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Defining Clinically Significant Outcomes Following Superior Capsular Reconstruction With Acellular Dermal Allograft

Published:December 01, 2021DOI:https://doi.org/10.1016/j.arthro.2021.11.039

      Purpose

      To define clinically significant outcomes (CSO) thresholds for minimal clinically important difference (MCID), substantial clinical benefit (SCB), and patient-acceptable symptomatic state (PASS) in patients undergoing superior capsular reconstruction (SCR) with an acellular dermal allograft. We also evaluated patient-specific variables predictive of achieving CSO thresholds.

      Methods

      The American Shoulder and Elbow Surgeons Standardized Shoulder Assessment Form (ASES), Single Assessment Numeric Evaluation (SANE), and subjective Constant-Murley (Constant) scores were collected preoperatively and at the most recent follow up for patients undergoing SCR from 2010 to 2019. A distribution-based approach was used to calculate MCID, and an anchor-based approach was used to calculate SCB and PASS. Logistic regression was used to determine factors associated with CSO achievement.

      Results

      Fifty-eight patients were identified (n = 39 males; n = 19 females) with a mean age of 53.4 ± 14.1 years at surgery and an average follow-up of 23 months. The MCID, SCB, and PASS were 11.2, 18.02, and 68.82 for ASES, 14.5, 23.13, and 69.9 for SANE, and 3.6, 10, and 18 for Constant, respectively. Subscapularis tear, female sex, and workers compensation (WC) status reduced odds of achieving MCID. Reduced odds of achieving Constant SCB were associated with older age, female sex, and WC status, while concomitant distal clavicle excision during SCR and lower preoperative ASES increased odds of achieving ASES SCB. Reduced odds for achieving ASES PASS were associated with female sex and WC status, while reduced odds for achieving SANE PASS were associated with subscapularis tearing preoperatively.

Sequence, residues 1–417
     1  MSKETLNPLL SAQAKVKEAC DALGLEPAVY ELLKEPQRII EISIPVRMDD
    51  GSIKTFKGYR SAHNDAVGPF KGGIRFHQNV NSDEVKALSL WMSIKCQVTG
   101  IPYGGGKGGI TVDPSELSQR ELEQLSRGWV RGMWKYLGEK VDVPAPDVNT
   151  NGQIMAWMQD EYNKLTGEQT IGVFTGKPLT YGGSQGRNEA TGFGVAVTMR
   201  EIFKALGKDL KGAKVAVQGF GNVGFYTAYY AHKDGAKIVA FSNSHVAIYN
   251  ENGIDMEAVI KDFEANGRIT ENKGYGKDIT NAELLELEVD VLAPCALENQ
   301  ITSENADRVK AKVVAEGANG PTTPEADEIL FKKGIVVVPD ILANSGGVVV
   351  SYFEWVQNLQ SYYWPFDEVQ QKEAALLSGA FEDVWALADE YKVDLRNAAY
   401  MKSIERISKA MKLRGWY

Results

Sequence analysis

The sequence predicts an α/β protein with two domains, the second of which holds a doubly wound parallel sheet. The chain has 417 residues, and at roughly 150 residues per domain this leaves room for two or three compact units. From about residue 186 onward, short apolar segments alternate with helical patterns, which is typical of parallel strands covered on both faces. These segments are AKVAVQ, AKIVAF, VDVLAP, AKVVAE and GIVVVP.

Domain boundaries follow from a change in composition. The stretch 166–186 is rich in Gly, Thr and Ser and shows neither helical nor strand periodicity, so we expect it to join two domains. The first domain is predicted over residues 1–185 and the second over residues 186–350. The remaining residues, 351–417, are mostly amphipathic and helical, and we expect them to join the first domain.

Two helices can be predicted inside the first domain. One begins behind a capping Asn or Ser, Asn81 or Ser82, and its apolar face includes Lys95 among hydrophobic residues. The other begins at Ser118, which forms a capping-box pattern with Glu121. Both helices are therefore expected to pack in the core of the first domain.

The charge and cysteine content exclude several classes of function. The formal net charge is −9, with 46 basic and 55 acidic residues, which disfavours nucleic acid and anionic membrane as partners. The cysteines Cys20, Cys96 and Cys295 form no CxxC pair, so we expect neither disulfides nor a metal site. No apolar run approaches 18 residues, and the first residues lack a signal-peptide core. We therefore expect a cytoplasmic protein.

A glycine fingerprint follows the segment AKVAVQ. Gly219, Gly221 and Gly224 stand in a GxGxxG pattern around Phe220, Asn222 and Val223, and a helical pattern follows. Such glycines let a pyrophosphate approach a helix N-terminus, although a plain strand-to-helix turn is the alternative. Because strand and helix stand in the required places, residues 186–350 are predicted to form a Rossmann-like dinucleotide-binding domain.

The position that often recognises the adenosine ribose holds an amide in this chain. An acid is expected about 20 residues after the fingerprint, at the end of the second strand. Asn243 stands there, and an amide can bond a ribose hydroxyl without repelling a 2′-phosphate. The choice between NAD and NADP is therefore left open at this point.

Conclusion

      On the basis of calculated values for MCID, SCB, and PASS, subscapularis tearing, WC status, age, and sex are associated with failure to achieve clinically significant outcomes following SCR. Concomitant distal clavicle excision during SCR and lower preoperative ASES was predictive for achievement of MCID and SCB. By defining the thresholds and variables predictive of achieving CSOs following SCR, surgeons may better counsel patients prior to SCR.

      Level of Evidence

      Level IV, case series.
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